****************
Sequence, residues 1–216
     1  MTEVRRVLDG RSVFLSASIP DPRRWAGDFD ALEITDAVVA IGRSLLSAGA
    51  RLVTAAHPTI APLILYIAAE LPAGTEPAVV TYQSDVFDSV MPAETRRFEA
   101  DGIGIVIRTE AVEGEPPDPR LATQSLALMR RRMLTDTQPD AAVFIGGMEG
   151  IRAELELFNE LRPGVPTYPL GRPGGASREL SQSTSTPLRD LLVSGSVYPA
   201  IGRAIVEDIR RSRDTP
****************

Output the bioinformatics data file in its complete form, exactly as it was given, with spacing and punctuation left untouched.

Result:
Sequence, residues 1–216
     1  MTEVRRVLDG RSVFLSASIP DPRRWAGDFD ALEITDAVVA IGRSLLSAGA
    51  RLVTAAHPTI APLILYIAAE LPAGTEPAVV TYQSDVFDSV MPAETRRFEA
   101  DGIGIVIRTE AVEGEPPDPR LATQSLALMR RRMLTDTQPD AAVFIGGMEG
   151  IRAELELFNE LRPGVPTYPL GRPGGASREL SQSTSTPLRD LLVSGSVYPA
   201  IGRAIVEDIR RSRDTP